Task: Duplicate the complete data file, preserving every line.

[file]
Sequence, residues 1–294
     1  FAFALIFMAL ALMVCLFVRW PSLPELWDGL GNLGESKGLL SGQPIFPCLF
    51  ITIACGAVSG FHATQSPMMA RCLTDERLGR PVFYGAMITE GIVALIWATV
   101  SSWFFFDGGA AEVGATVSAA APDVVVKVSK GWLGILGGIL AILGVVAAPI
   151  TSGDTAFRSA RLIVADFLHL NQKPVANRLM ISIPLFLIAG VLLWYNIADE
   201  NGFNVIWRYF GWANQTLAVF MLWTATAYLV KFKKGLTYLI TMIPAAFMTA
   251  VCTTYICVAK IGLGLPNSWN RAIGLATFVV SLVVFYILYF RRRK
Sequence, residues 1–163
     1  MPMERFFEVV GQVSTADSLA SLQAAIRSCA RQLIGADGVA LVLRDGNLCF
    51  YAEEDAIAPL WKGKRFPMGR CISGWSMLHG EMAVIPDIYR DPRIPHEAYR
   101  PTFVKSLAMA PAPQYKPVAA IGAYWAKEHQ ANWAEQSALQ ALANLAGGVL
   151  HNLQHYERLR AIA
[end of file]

Sequence, residues 1–294
     1  FAFALIFMAL ALMVCLFVRW PSLPELWDGL GNLGESKGLL SGQPIFPCLF
    51  ITIACGAVSG FHATQSPMMA RCLTDERLGR PVFYGAMITE GIVALIWATV
   101  SSWFFFDGGA AEVGATVSAA APDVVVKVSK GWLGILGGIL AILGVVAAPI
   151  TSGDTAFRSA RLIVADFLHL NQKPVANRLM ISIPLFLIAG VLLWYNIADE
   201  NGFNVIWRYF GWANQTLAVF MLWTATAYLV KFKKGLTYLI TMIPAAFMTA
   251  VCTTYICVAK IGLGLPNSWN RAIGLATFVV SLVVFYILYF RRRK
Sequence, residues 1–163
     1  MPMERFFEVV GQVSTADSLA SLQAAIRSCA RQLIGADGVA LVLRDGNLCF
    51  YAEEDAIAPL WKGKRFPMGR CISGWSMLHG EMAVIPDIYR DPRIPHEAYR
   101  PTFVKSLAMA PAPQYKPVAA IGAYWAKEHQ ANWAEQSALQ ALANLAGGVL
   151  HNLQHYERLR AIA